AMD’s 64 Bit Gamble

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Dr. Jekyll and Mr. RISC

Although AMD is unable to replicate IA-64 in form, could it do it in spirit? Would a split personality CPU, perhaps implementing both x86-64 and a RISC instruction set be feasible or even desirable? Some clue of what AMD is (or might have been) planning for K8 or its successor is revealed in a recently issued AMD patent (U.S. 6,081,884), which describes a processor scheme, shown in Figure 1, that incorporates both RISC and x86 instructions within fixed length ‘long instruction words’ using predecode bits. The heart of the processor is a FIFO called the central window that buffers 360 bit long VLIW-like instruction words prior to execution. The long instruction words are actually synthesized on the fly based on the RISC and x86 instruction bytes residing in the instruction cache, along with special predecode bits that indicate the start and end of x86 instructions and optionally functional unit assignment. An unusual feature of AMD’s design is that the microcode sequencer unit can generate either a sequence of simple x86 instructions, RISC instructions, or a combination of both to implement complex x86 instructions. This is a result of the simple x86 functional units being also capable of executing RISC instructions.


Figure 1 – One Possible Suggested Organization of K8

If AMD decided to implement a bilingual x86/RISC design for the K8, an important decision is whether to design yet another new RISC architecture or license an existing one. AMD has shown in the past that it is self-confident enough not to feel the need to reinvent the wheel, so the odds are they would license an existing RISC ISA. The choice of the Alpha ISA seems obvious, as AMD has previously licensed Alpha intellectual property (IP) from Compaq in the form of bus technology for the K7/Athlon family. The Alpha is also a particularly clean and streamlined RISC ISA free of annoyances, such as delayed branches and redundant instructions, from being extended from 32 to 64 bits. As such, it would likely be the first choice by AMD’s architects and designers (many of whom are ex-Alpha designers).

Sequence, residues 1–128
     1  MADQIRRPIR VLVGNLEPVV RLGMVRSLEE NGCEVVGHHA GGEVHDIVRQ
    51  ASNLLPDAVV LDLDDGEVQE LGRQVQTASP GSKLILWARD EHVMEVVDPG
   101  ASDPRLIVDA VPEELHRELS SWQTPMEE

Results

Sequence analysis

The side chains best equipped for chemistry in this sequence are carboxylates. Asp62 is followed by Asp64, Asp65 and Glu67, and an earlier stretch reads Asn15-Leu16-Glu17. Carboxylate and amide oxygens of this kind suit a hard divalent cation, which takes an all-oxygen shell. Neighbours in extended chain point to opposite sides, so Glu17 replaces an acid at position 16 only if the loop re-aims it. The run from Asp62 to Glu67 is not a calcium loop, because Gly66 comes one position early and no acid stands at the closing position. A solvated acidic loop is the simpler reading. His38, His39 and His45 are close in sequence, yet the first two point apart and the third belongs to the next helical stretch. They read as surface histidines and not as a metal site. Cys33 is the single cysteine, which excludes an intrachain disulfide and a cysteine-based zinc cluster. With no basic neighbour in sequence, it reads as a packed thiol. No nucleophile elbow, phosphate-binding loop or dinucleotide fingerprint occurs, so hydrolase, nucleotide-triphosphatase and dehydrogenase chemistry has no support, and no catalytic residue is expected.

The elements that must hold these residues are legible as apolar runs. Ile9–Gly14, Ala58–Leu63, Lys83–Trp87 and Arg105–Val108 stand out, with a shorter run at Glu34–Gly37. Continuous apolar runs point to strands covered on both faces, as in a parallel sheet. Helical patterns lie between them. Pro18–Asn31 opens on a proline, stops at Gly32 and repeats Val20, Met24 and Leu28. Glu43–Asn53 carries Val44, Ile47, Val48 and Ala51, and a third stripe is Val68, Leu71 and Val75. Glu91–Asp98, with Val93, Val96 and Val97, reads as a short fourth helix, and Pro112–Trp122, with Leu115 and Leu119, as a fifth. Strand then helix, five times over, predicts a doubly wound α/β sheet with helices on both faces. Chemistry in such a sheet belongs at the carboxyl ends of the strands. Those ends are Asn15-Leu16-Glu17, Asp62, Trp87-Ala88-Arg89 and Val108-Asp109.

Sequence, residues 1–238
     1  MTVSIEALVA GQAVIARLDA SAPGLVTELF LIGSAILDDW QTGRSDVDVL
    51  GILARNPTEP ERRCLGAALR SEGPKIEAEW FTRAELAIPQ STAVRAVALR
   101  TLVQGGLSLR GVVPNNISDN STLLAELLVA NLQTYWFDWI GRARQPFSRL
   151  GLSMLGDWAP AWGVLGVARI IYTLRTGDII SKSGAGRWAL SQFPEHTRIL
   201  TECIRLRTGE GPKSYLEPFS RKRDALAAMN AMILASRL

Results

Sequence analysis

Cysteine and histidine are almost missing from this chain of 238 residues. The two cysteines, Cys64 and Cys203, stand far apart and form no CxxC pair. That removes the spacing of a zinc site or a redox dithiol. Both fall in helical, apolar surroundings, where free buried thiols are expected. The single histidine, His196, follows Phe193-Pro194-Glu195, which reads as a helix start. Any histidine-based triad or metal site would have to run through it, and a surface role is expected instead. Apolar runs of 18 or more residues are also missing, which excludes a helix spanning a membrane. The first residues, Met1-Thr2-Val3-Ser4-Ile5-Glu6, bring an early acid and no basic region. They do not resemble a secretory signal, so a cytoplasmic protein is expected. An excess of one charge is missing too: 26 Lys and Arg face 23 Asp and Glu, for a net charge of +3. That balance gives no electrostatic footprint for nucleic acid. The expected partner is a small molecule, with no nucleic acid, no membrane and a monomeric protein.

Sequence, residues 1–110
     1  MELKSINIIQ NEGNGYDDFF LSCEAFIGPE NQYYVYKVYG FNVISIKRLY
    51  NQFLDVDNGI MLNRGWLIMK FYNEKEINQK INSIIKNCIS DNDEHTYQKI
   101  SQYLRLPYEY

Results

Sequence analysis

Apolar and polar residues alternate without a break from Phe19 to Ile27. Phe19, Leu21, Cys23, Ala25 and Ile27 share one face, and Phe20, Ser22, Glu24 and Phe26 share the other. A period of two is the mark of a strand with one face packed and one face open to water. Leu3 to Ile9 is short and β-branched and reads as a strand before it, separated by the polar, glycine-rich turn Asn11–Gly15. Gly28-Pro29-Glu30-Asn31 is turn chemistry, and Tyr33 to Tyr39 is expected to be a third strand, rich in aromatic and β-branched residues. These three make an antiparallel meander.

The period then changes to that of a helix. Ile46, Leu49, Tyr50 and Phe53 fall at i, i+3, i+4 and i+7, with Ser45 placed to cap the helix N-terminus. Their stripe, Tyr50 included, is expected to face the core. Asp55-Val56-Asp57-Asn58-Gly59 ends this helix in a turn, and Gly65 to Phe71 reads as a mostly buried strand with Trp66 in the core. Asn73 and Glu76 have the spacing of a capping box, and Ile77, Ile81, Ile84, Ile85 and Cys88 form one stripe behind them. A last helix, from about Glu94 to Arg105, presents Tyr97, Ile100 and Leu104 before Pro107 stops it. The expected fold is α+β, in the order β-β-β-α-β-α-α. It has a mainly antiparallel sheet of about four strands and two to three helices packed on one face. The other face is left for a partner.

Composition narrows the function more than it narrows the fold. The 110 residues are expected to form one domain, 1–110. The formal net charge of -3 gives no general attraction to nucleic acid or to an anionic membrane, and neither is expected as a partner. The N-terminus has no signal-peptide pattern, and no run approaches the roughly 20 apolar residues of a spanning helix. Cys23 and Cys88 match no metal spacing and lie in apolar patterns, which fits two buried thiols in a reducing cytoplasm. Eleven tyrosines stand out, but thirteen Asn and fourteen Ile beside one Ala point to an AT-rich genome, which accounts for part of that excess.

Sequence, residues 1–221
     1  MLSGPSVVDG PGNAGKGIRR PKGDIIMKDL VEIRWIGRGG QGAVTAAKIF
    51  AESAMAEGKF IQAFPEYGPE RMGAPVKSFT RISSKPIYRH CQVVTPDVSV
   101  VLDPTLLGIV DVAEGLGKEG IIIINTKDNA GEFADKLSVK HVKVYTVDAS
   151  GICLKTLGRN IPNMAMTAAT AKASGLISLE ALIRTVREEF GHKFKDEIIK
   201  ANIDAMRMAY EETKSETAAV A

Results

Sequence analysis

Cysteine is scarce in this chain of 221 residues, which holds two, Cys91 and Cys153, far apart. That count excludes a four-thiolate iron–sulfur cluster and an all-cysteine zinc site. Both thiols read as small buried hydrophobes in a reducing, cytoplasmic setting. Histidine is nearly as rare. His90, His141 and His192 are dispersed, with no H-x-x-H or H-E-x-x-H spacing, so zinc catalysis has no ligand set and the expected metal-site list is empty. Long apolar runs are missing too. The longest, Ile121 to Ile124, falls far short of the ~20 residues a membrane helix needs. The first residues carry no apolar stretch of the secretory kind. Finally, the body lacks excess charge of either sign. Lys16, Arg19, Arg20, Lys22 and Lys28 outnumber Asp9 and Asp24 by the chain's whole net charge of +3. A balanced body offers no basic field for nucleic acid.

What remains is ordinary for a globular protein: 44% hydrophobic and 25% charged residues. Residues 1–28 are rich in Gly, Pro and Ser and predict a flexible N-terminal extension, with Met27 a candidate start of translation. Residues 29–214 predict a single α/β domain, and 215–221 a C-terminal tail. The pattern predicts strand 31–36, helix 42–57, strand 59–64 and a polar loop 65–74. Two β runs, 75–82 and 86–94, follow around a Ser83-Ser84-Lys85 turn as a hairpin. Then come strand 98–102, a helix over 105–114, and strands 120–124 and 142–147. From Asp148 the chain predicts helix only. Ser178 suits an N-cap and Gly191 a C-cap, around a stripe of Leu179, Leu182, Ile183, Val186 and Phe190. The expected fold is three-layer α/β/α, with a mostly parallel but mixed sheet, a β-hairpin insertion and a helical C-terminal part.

However, there are at least three other explanations for the 6,081,884 patent which do not involve a full blown bilingual x86/RISC K8 design. The first is that the RISC instructions and functional units shown in Figure 1 are strictly the ‘RISC-like’ TFP floating point extensions to x86-64 previously mentioned, and all integer and memory access instructions are performed by the two x86/RISC units. A strong argument against this hypothesis is the fact that Figure 1 would imply an unusually wide capacity for issuing floating point instructions – from 60 to 100% of issue capacity. In contrast the Alpha 21264, a processor designed to perform well for FP intensive applications, can issue four integer instructions and two FP instructions per clock cycle. This would suggest the RISC units include integer processing capabilities.

The second explanation is that the RISC instructions shown in Figure 1 actually represent micro-ops (uops), and that the predecoder block actually decomposes some x86 instructions into uops. In this case, the K8 instruction cache would store a mixture of micro and macro (x86) operations. This would be a sort of hybrid scheme between the Willamette trace cache, which only stores uops, and existing x86 processors, like the P6 and K7. The third explanation is that the patent covers work that either AMD abandoned (supposedly the K8 project was scaled back to be a more of an evolution of the K7 core), or simply wrote up as a defensive patent against IA-64 to place a stake in the ground for freedom of action for the future (K9?).


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